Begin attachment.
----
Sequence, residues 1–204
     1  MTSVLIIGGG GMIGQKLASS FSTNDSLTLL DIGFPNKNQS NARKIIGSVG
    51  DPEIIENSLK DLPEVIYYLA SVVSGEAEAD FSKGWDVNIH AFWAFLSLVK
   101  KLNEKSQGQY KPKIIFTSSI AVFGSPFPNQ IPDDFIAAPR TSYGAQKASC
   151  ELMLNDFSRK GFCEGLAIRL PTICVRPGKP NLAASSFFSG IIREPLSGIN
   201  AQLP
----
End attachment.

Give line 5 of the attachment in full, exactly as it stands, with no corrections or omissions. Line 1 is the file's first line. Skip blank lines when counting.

   151  ELMLNDFSRK GFCEGLAIRL PTICVRPGKP NLAASSFFSG IIREPLSGIN